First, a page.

Three senior IAAF officials, including the son of president Lamine Diack, have stepped down from their posts with athletics' world governing body pending the outcome of an investigation into allegations of a cover-up of systematic doping in Russia.
Massata Papa Diack, who works for the IAAF as a marketing consultant, and IAAF legal adviser Habib Cisse have joined Valentin Balakhnichev, the president of the Russian athletics federation and the IAAF’s treasurer, in agreeing to step down, sources have confirmed to Press Association Sport.
It comes days after German television station ARD broadcast three documentaries alleging that the IAAF officials were implicated in covering up the doping in Russia.
The move comes after the IAAF’s executive board met on Wednesday - the governing body’s ethics committee is investigation the allegations.
The IAAF would not confirm the move, with a spokesman saying: “We cannot confirm this at the current time.”
Balakhnichev however has confirmed his decision to Russia’s TASS news agency and Press Association Sport understands Diack junior and Cisse have made similar offers to step aside.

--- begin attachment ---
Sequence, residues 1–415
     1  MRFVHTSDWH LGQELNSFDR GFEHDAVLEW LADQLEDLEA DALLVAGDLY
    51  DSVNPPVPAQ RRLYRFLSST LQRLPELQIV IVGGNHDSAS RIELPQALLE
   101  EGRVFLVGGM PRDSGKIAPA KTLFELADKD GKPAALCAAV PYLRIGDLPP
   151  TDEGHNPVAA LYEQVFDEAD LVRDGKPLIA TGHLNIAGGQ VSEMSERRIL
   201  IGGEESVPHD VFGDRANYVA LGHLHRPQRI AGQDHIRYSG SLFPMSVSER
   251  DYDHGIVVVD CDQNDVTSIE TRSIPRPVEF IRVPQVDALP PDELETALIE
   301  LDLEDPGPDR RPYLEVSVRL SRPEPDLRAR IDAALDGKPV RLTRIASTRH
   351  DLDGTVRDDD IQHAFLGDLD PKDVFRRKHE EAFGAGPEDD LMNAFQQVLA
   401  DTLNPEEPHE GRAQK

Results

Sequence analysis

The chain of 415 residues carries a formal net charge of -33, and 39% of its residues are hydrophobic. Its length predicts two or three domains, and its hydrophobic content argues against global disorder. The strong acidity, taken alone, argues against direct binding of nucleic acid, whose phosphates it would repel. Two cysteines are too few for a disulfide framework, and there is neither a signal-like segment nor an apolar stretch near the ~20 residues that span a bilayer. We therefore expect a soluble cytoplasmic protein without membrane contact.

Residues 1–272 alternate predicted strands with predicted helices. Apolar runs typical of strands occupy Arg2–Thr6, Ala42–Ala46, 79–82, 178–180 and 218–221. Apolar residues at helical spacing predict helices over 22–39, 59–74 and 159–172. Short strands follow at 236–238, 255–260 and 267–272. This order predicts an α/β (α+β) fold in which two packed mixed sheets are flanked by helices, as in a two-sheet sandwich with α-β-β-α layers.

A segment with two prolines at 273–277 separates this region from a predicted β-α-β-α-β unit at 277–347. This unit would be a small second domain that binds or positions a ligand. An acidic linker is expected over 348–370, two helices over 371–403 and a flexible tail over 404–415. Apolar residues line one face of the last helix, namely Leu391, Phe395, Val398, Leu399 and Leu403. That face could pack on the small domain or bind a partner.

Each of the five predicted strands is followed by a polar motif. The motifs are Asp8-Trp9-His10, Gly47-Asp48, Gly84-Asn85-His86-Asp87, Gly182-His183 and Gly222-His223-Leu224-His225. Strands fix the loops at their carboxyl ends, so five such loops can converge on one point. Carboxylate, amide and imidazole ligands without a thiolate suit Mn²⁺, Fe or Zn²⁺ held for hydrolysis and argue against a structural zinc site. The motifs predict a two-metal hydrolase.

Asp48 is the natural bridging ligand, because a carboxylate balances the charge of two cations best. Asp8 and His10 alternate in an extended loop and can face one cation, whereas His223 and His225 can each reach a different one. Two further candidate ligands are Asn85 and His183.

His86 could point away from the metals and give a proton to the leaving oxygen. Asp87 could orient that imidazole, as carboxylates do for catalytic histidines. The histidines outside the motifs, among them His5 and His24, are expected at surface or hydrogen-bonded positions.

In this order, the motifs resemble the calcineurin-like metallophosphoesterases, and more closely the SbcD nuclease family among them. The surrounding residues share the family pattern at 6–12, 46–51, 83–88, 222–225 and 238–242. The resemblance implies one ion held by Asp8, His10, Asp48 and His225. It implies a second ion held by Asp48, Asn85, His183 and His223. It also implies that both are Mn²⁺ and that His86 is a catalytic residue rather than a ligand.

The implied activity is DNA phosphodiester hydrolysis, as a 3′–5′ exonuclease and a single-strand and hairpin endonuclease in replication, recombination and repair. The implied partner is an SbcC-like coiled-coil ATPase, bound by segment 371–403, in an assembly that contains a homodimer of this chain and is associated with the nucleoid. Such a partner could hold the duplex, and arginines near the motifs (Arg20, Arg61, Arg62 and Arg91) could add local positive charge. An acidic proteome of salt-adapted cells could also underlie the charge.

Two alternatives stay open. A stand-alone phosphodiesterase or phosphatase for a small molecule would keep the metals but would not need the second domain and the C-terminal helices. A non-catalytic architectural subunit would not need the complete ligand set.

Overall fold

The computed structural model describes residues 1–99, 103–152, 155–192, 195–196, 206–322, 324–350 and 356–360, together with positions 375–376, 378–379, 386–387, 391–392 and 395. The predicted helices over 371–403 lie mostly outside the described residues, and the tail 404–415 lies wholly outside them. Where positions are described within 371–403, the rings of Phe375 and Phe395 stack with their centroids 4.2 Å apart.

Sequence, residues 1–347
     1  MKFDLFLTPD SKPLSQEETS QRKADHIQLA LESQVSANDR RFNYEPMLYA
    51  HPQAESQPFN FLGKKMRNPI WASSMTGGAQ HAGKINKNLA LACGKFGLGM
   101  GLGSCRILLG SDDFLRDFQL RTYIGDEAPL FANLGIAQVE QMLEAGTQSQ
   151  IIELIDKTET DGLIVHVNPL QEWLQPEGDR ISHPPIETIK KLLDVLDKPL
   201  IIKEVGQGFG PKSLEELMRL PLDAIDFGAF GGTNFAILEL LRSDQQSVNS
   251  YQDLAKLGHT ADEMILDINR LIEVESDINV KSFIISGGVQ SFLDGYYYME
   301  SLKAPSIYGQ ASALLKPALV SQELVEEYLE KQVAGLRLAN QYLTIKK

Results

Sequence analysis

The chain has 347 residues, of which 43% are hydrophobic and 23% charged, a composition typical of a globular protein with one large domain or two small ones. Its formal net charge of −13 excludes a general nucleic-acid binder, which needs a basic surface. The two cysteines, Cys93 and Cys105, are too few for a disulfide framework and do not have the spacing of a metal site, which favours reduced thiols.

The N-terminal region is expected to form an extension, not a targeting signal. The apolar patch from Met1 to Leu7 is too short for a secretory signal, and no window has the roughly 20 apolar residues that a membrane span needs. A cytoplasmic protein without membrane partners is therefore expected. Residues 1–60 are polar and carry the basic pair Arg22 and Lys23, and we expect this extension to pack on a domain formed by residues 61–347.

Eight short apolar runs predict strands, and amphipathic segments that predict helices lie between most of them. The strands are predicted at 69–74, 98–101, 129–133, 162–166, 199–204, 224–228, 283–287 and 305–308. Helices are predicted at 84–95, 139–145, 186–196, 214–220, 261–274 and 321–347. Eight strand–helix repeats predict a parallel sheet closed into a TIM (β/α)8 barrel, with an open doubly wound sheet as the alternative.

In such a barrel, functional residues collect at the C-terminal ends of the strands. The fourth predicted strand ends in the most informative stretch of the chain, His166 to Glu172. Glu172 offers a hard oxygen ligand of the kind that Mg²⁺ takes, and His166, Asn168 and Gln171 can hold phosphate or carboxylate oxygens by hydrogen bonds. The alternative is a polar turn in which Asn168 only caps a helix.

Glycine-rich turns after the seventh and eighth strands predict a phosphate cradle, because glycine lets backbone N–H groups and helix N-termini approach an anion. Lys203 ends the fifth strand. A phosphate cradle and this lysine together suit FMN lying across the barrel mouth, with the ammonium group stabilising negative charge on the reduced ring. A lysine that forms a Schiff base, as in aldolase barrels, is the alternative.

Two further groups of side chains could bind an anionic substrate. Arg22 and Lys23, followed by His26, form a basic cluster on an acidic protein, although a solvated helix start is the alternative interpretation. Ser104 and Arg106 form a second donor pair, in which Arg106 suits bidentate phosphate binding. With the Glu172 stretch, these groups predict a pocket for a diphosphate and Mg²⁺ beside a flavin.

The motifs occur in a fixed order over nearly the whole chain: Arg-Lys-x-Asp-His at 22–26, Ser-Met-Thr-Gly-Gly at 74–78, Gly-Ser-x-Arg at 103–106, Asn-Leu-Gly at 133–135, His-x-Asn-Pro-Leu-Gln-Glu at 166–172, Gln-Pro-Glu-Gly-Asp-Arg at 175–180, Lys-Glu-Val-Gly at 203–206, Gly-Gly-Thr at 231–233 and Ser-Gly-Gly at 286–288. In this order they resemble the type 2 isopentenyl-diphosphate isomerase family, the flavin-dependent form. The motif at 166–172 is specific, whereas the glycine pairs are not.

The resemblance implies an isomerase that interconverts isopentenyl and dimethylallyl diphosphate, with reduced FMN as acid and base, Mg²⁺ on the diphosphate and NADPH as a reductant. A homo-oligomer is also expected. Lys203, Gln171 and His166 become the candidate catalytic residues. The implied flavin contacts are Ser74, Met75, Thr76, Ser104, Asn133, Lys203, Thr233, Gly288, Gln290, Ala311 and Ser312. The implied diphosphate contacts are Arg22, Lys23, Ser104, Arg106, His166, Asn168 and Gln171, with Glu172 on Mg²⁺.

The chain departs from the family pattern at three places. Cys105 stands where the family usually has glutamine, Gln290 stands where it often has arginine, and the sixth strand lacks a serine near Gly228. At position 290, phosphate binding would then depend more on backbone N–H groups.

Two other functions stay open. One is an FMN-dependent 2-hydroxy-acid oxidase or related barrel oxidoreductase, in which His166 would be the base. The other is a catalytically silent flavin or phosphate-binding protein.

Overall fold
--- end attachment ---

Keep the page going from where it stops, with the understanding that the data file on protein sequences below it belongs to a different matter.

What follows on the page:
Balakhnichev said he and the federation had been subjected to “brutal persecution” by the allegations.
ARD reported that three-time Chicago Marathon winner Liliya Shobukhova paid €450,000 to the Russian athletics federation to avoid a doping ban - she was eventually banned for doping and she said some of the money was refunded.
ARD claimed it had evidence linking the €300,000 refund to Balakhnichev and that the Singapore-based company that allegedly made the payment was owned by a business partner of Massata Papa Diack.
The French sports daily L’Equipe has also raised questions about meetings in Moscow hotels in 2011 between Balakhnichev, Cisse and Massata Papa Diack.
Lamine Diack on Wednesday described as “ridiculous” a report that his son appeared to request a payment of $5m during Doha’s failed bid for the 2017 World Championships.
The Guardian has reported Massata Papa Diack, who holds the organisation’s marketing rights for a number of countries including Qatar, sent an email in 2011 asking for the payment.
The Qatar Athletics Federation told the Guardian it did not recognise the emails and had complied with all regulations.
Lamine Diack said the ethics commission would deal with the report.
He added in L’Equipe: “The Guardian said my son had tapped up Qatar for $5m for me to say we can hold the championships in September. That’s very over-priced - and it’s ridiculous because I had always answered ‘yes’ to this question anyway.”